The act of assigning a characteristic, quality, or explanation to something.
Social psychology is the scientific study of how people's thoughts, feelings, and behaviors are influenced by the actual, imagined, or implied presence of others. This subfield of psychology is concerned with the way such feelings, thoughts, beliefs, intentions, and goals are constructed, and how these psychological factors, in turn, influence our interactions with others.
Focus of Social Psychology
Social psychology typically explains human behavior as a result of the interaction of mental states and immediate social situations. Social psychologists, therefore, examine the factors that lead us to behave in a given way in the presence of others, as well as the conditions under which certain behaviors, actions, and feelings occur. They focus on how people construe or interpret situations and how these interpretations influence their thoughts, feelings, and behaviors (Ross & Nisbett, 1991). Thus, social psychology studies individuals in a social context and how situational variables interact to influence behavior.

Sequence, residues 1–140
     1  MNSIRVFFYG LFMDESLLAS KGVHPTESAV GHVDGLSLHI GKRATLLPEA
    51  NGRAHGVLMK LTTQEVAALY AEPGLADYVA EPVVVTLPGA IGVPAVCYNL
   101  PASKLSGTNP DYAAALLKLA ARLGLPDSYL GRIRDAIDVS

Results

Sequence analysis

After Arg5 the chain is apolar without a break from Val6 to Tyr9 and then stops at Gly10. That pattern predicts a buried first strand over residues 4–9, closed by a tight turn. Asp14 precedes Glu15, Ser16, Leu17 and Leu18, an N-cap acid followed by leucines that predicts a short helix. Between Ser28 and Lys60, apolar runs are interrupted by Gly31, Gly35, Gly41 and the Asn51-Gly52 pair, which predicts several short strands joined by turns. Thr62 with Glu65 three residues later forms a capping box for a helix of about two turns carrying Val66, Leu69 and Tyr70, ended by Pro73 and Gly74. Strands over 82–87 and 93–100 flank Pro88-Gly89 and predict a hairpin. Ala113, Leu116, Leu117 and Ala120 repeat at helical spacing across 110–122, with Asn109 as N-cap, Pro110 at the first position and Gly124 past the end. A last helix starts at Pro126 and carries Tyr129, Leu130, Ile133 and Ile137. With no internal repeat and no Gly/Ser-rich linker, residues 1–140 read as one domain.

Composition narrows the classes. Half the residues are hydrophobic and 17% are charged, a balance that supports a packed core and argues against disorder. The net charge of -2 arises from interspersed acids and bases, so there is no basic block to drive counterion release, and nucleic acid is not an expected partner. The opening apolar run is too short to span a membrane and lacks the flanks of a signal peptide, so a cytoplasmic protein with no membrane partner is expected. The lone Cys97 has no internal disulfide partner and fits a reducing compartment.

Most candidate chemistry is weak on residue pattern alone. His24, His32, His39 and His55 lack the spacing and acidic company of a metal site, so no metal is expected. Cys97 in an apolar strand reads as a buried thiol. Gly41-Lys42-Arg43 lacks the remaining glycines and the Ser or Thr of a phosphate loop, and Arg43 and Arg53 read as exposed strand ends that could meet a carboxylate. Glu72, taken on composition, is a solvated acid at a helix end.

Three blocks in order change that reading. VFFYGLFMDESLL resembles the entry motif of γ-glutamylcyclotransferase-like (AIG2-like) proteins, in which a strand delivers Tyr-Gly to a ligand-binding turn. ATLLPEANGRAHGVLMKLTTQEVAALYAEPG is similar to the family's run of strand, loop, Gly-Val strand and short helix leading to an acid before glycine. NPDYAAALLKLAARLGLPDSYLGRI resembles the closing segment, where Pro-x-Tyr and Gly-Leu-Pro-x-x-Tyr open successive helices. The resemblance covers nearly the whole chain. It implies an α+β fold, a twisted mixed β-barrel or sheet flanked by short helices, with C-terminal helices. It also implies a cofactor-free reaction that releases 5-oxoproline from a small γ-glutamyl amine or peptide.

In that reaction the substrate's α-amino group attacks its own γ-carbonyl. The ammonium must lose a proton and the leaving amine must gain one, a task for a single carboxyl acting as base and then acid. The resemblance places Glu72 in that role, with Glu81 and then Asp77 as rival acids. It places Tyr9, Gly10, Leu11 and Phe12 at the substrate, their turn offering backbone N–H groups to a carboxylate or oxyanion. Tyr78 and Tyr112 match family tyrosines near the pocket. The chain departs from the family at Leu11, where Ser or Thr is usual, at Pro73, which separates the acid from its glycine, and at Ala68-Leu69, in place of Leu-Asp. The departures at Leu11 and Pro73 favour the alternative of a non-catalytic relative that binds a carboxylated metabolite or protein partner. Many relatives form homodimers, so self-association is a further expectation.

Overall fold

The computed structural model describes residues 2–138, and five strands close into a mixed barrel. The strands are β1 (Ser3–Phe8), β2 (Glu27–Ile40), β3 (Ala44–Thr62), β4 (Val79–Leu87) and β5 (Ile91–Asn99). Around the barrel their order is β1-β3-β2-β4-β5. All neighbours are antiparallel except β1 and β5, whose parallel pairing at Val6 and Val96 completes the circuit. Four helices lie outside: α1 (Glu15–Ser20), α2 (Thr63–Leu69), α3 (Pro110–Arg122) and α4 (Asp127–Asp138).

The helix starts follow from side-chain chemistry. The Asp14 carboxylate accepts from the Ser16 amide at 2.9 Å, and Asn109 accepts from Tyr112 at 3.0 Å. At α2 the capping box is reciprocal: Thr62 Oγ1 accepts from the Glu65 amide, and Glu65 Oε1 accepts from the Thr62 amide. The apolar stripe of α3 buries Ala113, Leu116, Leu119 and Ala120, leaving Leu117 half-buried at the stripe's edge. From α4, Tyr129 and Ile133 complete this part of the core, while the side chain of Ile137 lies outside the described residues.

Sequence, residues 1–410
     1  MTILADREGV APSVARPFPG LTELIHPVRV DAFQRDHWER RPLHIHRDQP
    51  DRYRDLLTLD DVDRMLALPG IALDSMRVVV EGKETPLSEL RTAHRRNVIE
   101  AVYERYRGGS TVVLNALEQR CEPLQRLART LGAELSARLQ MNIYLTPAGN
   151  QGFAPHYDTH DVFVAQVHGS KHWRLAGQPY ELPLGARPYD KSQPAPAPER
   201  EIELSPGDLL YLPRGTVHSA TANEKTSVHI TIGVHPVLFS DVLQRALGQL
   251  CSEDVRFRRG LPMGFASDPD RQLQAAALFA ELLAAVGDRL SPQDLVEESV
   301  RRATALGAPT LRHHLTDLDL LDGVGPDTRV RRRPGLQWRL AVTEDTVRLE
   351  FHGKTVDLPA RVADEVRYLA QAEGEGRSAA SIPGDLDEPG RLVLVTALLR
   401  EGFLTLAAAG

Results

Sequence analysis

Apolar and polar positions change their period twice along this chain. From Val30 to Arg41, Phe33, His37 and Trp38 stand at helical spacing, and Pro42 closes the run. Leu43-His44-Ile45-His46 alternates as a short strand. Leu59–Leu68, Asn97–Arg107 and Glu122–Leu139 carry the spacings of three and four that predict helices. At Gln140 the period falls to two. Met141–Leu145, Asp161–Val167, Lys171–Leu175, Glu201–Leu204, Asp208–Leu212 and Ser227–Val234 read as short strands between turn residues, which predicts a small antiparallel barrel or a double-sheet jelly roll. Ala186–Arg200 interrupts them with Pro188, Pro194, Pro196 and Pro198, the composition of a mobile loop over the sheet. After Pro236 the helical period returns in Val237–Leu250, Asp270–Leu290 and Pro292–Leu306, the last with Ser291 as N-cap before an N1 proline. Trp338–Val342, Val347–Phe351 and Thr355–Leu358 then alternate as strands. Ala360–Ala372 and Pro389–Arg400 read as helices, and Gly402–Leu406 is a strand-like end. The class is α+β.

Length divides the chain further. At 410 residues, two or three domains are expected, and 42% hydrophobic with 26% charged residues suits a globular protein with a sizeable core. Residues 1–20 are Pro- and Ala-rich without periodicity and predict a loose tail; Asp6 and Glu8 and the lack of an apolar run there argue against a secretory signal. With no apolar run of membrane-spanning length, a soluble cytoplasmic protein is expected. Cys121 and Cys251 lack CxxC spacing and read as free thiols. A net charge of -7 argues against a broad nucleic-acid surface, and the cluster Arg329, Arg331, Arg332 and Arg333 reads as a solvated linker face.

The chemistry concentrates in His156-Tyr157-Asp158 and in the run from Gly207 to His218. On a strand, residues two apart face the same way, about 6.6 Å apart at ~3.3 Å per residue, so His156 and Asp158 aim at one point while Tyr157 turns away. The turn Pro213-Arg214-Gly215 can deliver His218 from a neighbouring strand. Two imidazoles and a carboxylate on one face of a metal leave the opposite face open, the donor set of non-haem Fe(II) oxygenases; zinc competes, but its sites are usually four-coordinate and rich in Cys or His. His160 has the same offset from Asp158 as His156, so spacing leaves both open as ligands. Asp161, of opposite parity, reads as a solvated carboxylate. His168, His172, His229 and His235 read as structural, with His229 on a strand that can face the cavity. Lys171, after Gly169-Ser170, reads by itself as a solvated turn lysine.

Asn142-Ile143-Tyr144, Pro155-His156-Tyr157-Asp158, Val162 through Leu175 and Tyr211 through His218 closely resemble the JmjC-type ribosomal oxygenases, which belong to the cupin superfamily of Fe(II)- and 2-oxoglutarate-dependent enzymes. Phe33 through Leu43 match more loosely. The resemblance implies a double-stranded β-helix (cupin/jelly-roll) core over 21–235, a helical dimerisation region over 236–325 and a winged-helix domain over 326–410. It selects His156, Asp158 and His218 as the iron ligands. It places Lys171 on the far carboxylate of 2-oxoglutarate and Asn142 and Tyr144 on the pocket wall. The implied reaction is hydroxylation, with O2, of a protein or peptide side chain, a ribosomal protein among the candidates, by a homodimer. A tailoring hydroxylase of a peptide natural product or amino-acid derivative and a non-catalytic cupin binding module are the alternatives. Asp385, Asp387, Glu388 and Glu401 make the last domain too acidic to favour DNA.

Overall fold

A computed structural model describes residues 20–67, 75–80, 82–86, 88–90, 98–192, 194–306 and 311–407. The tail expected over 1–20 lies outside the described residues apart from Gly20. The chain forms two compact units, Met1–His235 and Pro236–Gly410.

Social psychologists assert that an individual’s thoughts, feelings, and behaviors are very much influenced by social situations. Essentially, people will change their behavior to align with the social situation at hand. If we are in a new situation or are unsure how to behave, we will take our cues from other individuals.
The field of social psychology studies topics at both the intrapersonal level (pertaining to the individual), such as emotions and attitudes, and the interpersonal level (pertaining to groups), such as aggression and attraction. The field is also concerned with common cognitive biases—such as the fundamental attribution error, the actor-observer bias, the self-serving bias, and the just-world hypothesis—that influence our behavior and our perceptions of events.
The discipline of social psychology began in the United States in the early 20th century. The first published study in this area was an experiment in 1898 by Norman Triplett on the phenomenon of social facilitation. During the 1930s, Gestalt psychologists such as Kurt Lewin were instrumental in developing the field as something separate from the behavioral and psychoanalytic schools that were dominant during that time.
During World War II, social psychologists studied the concepts of persuasion and propaganda for the U.S. military. After the war, researchers became interested in a variety of social problems including gender issues, racial prejudice, cognitive dissonance, bystander intervention, aggression, and obedience to authority. During the years immediately following World War II there was frequent collaboration between psychologists and sociologists; however, the two disciplines have become increasingly specialized and isolated from each other in recent years, with sociologists focusing more on macro-level variables (such as social structure).